Probably if you think back to just a few years ago it will seem gardens positively hummed with bees from spring to autumn but today this is rarely the case. It has been well reported that bees are in a dramatic decline and latest figures from the British Beekeepers’ Association suggest that nearly 20% of the UK’s honey bees died last winter.
Tim Lovett, President of the BBKA, makes the point that ‘similar losses of livestock in other areas of farming such as beef or dairy sectors would be rightly seen as disastrous with dramatic effects on food prices’. Bees are just as important to our food supplies as animals. Without them plant pollination would be seriously affected and would result in shortages of food for both humans and animals with estimates that one third of human food supplies depend on bee pollination.
Lord Rooker, then a DEFRA Minister, said ‘the UK honey bee population could be wiped out in 10 years’, and this phenomenon is not just confined to the UK, it is happening worldwide.
Colony Collapse Disorder (CCD) was first identified in California in 2006 and is differentiated from other mass bee die-offs by the sudden loss of the entire bee colony with seemingly healthy bees abandoning their hives. No dead bees are found and the colony never returns. Strangely no other insects are interested in taking up residence in the empty hive.
Possible Causes of CCD
There is an aon-going debate amongst experts, as to the causes of this problem. The Soil Association believe there is a strong case for banning the use of a group of insecticides called neonicotinoids that were first used in the mid 1990s which is when the first bee disappearances occurred. It is thought the chemicals damage critical parts of the bee nervous systems, impairing their ability to communicate, find their way home and fight infections. Several European countries have already banned these substances including France and Germany. The French ban came into effect in 1999, five years after the first use of the chemicals in 1994. In 1996 French beekeepers reported that a third of their bee colonies had been lost but by 2006/07 the losses were down to a more manageable 10%.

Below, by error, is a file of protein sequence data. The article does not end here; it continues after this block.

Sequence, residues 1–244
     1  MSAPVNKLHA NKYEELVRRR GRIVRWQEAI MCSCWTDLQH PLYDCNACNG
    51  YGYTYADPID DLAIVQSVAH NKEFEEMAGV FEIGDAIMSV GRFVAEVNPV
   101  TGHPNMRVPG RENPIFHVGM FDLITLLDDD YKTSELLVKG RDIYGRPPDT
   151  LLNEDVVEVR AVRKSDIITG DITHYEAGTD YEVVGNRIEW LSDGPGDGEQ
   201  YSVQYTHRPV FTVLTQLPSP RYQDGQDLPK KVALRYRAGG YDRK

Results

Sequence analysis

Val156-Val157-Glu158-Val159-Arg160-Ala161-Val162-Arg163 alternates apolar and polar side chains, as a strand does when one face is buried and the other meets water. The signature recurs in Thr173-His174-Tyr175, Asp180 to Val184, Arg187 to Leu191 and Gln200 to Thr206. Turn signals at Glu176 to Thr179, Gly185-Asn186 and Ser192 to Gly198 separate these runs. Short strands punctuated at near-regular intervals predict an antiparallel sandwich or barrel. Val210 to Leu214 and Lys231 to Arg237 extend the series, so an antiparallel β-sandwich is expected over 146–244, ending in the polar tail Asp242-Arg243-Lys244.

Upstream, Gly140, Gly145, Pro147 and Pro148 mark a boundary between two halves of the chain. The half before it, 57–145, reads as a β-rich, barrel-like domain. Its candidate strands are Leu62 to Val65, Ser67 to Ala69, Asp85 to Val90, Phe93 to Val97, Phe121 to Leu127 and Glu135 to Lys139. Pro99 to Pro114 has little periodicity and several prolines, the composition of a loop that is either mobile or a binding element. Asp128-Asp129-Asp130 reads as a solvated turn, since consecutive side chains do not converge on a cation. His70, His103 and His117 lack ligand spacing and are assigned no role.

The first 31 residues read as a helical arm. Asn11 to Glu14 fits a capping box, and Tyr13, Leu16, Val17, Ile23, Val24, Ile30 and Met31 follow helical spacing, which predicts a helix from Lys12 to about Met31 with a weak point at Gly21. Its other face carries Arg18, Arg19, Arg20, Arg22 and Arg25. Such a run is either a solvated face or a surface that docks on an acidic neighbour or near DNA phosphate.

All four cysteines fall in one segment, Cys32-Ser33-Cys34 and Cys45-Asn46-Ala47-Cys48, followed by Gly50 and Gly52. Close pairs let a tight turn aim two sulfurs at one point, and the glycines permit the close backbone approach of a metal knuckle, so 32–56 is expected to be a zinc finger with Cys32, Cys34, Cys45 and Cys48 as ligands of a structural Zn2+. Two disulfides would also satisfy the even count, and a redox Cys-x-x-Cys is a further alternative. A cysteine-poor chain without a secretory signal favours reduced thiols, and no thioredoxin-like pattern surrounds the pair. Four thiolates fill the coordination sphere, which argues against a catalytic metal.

What We Can Do To Help
There are three main factors to consider when choosing plants for bees:
firstly choose single-flowered varieties as bees ignore plants with double flowers.
secondly choose a range of plants that will provide nectar and/or pollen from March to October when bees are most active.
finally use large clumps annuals and herbaceous perennials to help bees find them more easily, so conserving vital energy.
As a general rule of thumb choose plants from the Allium family, along with mints, beans and flowering herbs. Daisy-shaped flowers are particularly popular with bees so consider plants such as Asters, Sunflowers, Rudbeckia and Echinacea and bees will find many tall plants irrisitable like Hollyhocks, Larkspur and Foxgloves.